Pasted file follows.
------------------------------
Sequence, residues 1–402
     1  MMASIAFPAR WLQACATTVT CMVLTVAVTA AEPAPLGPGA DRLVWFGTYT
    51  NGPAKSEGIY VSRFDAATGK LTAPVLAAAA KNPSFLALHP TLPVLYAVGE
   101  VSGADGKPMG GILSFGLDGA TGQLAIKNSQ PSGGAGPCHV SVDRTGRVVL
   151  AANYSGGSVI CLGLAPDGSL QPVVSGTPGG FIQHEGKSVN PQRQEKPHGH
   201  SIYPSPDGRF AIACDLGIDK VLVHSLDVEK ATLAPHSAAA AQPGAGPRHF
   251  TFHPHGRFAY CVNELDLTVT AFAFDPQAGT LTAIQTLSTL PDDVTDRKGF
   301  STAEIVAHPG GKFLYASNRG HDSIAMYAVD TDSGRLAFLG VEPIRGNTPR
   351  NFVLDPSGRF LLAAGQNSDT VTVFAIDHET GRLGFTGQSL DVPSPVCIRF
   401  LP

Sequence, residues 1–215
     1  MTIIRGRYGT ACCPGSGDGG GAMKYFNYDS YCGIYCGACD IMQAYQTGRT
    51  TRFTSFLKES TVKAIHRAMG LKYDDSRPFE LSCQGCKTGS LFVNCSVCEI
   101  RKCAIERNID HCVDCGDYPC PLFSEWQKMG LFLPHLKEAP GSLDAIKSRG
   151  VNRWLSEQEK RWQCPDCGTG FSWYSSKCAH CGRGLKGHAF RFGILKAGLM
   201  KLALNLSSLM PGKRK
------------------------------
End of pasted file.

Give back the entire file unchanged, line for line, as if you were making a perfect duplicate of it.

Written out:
Sequence, residues 1–402
     1  MMASIAFPAR WLQACATTVT CMVLTVAVTA AEPAPLGPGA DRLVWFGTYT
    51  NGPAKSEGIY VSRFDAATGK LTAPVLAAAA KNPSFLALHP TLPVLYAVGE
   101  VSGADGKPMG GILSFGLDGA TGQLAIKNSQ PSGGAGPCHV SVDRTGRVVL
   151  AANYSGGSVI CLGLAPDGSL QPVVSGTPGG FIQHEGKSVN PQRQEKPHGH
   201  SIYPSPDGRF AIACDLGIDK VLVHSLDVEK ATLAPHSAAA AQPGAGPRHF
   251  TFHPHGRFAY CVNELDLTVT AFAFDPQAGT LTAIQTLSTL PDDVTDRKGF
   301  STAEIVAHPG GKFLYASNRG HDSIAMYAVD TDSGRLAFLG VEPIRGNTPR
   351  NFVLDPSGRF LLAAGQNSDT VTVFAIDHET GRLGFTGQSL DVPSPVCIRF
   401  LP

Sequence, residues 1–215
     1  MTIIRGRYGT ACCPGSGDGG GAMKYFNYDS YCGIYCGACD IMQAYQTGRT
    51  TRFTSFLKES TVKAIHRAMG LKYDDSRPFE LSCQGCKTGS LFVNCSVCEI
   101  RKCAIERNID HCVDCGDYPC PLFSEWQKMG LFLPHLKEAP GSLDAIKSRG
   151  VNRWLSEQEK RWQCPDCGTG FSWYSSKCAH CGRGLKGHAF RFGILKAGLM
   201  KLALNLSSLM PGKRK